Killing an incurable calf: Himsa or Ahimsa? Gandhi replies to Sanatan Hindu protests
“To kill an animal which is past all hopes of recovery is, in my opinion, religious”, Mahatma Gandhi said.
Mahatma Gandhi, writing in the Navjivan, his Gujarati weekly. says a hopelessly sick calf, belonging to the dairy attached to the Satyagraga Ashram after prolonged consultation with friends and much hesitation was put to death by means of injection. I know, says the Mahatma that current public opinion would not approve of this act and that current public opinion will see only Himsa in it, but Dharma should not think of public opinion. Others may see Adharma (irreligion) where I see Dharma, yet I have learnt by experience that I must do what I believe to be my duty.
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Criteria of Ahimsa
This incident caused great stir in Ahmedabad and is regarded as a great blow to Sanatan Hindu religion. The president of the Mahajan Sabha and some leading citizens went in deputation to Mahatma Gandhi, who replied to the following effect: “To kill an animal which is past all hopes of recovery is, in my opinion, religious”. To apply the same law to humanity under similar circumstances also, in his opinion, religious.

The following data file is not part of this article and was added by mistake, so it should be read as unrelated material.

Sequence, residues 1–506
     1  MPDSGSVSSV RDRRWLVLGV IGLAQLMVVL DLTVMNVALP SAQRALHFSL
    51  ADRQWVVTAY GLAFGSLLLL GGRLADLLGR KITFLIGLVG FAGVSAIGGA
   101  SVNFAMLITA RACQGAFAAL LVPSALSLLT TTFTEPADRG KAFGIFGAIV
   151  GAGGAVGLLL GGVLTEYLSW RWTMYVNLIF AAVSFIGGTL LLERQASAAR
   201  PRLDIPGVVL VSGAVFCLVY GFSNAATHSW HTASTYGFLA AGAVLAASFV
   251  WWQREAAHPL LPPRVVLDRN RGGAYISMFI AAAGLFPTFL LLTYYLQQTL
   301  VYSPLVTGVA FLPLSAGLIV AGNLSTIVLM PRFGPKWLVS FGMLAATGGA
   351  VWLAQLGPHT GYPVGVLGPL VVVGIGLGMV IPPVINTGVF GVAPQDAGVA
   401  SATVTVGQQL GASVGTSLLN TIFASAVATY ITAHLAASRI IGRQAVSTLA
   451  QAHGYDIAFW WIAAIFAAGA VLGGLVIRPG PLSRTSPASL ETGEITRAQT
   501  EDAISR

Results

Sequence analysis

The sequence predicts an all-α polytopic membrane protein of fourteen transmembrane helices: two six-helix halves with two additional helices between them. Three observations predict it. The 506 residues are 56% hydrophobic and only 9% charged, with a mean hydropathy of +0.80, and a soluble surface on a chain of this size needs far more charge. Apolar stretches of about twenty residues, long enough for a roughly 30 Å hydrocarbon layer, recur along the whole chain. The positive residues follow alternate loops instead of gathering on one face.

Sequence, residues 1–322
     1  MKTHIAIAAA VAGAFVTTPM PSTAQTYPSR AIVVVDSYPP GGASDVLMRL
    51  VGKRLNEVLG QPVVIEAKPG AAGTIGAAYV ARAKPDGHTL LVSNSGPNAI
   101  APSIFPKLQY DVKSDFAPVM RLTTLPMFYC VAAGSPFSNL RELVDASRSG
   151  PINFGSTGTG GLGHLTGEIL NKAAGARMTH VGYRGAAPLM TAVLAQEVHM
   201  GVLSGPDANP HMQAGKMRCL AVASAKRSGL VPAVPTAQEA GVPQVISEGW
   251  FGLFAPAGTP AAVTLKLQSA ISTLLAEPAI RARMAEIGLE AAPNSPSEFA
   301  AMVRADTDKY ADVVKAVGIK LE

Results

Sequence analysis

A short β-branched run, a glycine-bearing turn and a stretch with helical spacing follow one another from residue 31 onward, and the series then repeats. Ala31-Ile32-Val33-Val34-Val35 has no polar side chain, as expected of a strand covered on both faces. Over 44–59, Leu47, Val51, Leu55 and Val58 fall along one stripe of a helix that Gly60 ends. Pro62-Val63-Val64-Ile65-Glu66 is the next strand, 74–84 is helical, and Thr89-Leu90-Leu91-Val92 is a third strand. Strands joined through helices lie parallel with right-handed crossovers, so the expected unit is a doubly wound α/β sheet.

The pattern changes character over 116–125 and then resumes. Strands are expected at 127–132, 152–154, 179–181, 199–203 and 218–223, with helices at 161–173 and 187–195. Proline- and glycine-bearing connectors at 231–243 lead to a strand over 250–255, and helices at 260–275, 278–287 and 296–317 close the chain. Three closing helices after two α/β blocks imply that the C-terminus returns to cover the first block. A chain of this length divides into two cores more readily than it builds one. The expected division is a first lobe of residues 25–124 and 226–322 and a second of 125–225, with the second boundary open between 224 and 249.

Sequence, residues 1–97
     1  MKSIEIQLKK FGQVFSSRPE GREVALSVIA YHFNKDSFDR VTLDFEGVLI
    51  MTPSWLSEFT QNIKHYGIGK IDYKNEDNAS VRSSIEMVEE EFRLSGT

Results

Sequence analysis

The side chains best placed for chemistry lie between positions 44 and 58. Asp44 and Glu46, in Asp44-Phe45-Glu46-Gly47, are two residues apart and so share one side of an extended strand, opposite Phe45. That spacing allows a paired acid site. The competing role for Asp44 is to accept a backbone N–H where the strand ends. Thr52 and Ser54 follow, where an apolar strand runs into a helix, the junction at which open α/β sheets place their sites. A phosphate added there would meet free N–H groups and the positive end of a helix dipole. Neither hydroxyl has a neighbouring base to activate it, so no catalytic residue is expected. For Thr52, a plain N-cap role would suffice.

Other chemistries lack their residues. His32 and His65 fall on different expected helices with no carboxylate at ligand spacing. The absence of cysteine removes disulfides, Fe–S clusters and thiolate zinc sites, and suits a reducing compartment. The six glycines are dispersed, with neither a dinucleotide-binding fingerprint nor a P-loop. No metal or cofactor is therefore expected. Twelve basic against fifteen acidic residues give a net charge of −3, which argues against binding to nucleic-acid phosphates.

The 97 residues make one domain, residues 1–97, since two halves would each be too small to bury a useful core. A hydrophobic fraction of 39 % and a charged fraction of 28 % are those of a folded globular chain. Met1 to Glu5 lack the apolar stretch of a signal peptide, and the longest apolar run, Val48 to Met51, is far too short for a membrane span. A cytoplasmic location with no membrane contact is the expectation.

He emphasises that to understand Ahimsa in the particular case three objects are worth considering. 1) To believe that mere killing is Himsa is ignorance. 2) When killing is effected by speedier and less torturing means, it is Ahimsa. 3) Himsa and Ahimsa are creations of mind. A slap given to keep a man awake because of serpent bite is Ahimsa, pure and simple.